LORD  BYRON  and  his  TIMES
Documents Biography Criticism

Samuel Rogers and his Contemporaries
Charles Sumner to Samuel Rogers, 1 June 1842

Vol. I Contents
Chapter I. 1803-1805.
Chapter II. 1805-1809.
Chapter III. 1810-1812.
Chapter IV. 1813-1814.
Chapter V. 1814-1815.
Chapter VI. 1815-1816.
Chapter VII. 1816-1818.
Chapter VIII. 1818-19.
Chapter IX. 1820-1821.
Chapter X. 1822-24.
Chapter XI. 1825-1827.
Vol. II Contents
Chapter I. 1828-1830.
Chapter II. 1831-34.
Chapter III. 1834-1837.
Chapter IV. 1838-41.
Chapter V. 1842-44.
Chapter VI. 1845-46.
Chapter VII. 1847-50.
Chapter VIII. 1850
Chapter IX. 1851.
Chapter X. 1852-55.
Creative Commons License

Licensed under a Creative Commons Attribution-Noncommercial-Share Alike 3.0 Unported License.
Produced by CATH
‘Boston: 1st June, 1842.

‘My dear Mr. Rogers,—I took the liberty of forwarding to you by the last packet two volumes of poems recently published by my friend Mr. Longfellow. He was desirous that you should do him the favour to receive them as a token of his respect.

Mr. Longfellow is now at a German watering-place, where he has gone for his health, and expects to be in London for a day or two during the autumn on his way home. If you should be in town at this time, which is hardly possible (for who is a faithful friend to London at the end of September?), I hope he may have the pleasure of seeing you—Mr. Everett or Mr. Dickens will have the gratification of presenting him to you. He is a gentleman whom we prize much, not simply as a poet (though many place him at the top of our Parnassus) but also for his various gifts and accomplishments and high moral worth. I could write of him warmly as a friend for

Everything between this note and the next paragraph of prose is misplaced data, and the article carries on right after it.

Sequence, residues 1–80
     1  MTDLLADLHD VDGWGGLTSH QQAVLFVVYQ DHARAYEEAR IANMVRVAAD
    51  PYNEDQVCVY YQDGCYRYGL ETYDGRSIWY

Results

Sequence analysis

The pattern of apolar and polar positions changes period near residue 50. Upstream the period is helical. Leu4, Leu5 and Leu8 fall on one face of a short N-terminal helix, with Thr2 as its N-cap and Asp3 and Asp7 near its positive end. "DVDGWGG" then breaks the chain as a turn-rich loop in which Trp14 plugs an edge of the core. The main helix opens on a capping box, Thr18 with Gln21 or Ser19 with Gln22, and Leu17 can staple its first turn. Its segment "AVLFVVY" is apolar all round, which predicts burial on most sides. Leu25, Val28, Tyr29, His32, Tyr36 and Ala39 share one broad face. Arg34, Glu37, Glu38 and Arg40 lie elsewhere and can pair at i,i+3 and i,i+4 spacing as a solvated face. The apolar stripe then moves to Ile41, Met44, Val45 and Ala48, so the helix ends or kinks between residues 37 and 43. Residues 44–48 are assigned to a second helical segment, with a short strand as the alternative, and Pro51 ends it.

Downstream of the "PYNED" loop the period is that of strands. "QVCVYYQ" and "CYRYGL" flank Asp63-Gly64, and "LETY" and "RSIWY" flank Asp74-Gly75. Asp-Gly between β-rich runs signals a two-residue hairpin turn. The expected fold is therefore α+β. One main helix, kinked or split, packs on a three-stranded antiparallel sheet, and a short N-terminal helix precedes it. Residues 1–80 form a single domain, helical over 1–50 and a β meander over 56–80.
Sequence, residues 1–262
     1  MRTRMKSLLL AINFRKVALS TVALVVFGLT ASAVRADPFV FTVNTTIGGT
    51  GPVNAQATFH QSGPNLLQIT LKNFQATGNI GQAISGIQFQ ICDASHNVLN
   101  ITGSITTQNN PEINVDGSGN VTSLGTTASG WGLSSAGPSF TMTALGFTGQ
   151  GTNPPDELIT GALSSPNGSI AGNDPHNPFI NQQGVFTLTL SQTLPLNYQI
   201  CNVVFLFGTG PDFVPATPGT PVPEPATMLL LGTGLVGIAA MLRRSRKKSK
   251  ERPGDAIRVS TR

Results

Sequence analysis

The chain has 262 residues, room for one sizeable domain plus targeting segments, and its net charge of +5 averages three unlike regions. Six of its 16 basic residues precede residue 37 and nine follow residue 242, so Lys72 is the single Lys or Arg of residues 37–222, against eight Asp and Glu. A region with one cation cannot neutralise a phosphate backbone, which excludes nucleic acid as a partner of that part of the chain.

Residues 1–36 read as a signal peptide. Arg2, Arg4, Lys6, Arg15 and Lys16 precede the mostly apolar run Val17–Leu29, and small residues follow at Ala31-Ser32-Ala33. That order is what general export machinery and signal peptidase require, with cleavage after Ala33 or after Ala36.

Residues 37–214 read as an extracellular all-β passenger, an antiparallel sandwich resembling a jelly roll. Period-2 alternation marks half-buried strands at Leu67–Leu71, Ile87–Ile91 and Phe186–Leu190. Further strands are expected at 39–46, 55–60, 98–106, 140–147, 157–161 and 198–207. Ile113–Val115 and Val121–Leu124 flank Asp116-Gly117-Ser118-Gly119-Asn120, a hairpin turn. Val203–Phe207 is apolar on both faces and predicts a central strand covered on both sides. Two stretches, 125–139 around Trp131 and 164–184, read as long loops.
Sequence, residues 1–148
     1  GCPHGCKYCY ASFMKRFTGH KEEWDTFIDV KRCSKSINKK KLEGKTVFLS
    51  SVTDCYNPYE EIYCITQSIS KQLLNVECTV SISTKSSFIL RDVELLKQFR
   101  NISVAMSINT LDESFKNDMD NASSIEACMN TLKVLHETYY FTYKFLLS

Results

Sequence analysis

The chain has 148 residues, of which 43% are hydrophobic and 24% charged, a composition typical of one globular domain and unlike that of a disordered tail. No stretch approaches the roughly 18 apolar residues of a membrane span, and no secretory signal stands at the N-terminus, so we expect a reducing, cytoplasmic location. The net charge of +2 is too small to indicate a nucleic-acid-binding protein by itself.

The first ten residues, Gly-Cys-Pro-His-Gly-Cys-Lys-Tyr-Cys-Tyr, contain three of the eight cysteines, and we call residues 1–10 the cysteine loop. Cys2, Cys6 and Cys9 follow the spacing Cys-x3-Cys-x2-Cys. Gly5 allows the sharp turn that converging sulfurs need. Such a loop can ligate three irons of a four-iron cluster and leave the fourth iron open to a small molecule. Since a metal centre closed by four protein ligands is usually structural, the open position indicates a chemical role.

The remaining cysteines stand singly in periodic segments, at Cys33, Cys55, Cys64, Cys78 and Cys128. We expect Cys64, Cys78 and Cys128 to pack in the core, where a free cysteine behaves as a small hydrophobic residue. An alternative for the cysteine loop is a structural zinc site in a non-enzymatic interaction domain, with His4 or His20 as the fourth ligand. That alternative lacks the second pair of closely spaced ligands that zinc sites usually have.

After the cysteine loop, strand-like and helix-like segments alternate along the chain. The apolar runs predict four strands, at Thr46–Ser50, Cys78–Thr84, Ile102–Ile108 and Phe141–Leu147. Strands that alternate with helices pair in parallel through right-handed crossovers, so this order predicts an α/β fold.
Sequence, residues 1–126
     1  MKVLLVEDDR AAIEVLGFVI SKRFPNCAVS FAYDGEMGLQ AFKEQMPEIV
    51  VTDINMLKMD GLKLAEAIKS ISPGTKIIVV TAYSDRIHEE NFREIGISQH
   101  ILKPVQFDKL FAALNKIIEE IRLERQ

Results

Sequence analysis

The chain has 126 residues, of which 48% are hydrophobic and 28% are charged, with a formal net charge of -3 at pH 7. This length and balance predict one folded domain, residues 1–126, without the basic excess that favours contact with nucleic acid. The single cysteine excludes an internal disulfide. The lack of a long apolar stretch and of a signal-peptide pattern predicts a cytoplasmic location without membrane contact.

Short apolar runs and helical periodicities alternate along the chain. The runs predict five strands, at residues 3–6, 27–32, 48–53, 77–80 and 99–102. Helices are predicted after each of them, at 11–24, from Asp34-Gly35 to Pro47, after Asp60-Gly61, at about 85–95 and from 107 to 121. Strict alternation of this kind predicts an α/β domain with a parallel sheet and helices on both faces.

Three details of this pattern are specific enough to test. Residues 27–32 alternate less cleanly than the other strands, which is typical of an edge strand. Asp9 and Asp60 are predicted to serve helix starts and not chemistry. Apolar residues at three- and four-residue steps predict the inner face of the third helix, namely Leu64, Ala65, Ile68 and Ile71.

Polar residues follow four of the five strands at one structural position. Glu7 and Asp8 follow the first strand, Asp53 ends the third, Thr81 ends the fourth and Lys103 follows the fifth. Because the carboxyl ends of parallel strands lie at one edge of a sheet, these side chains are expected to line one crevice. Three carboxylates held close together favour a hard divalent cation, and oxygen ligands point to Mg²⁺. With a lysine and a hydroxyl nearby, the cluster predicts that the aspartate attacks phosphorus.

whom I have the strongest affection; and I hope you will pardon to this feeling the liberty I take in thus addressing you. I owe you many thanks for your kind note of last summer. I have been happy to hear, through Mr. Everett, of your continued health. What can we send you from this side of the ocean?

Prescott still works on the “History of the Conquest of Mexico,” of which he has written upwards of two volumes. It will be three volumes in all.

‘Believe me, with warm recollections of your kindness to me, ever very sincerely yours,

Charles Sumner.’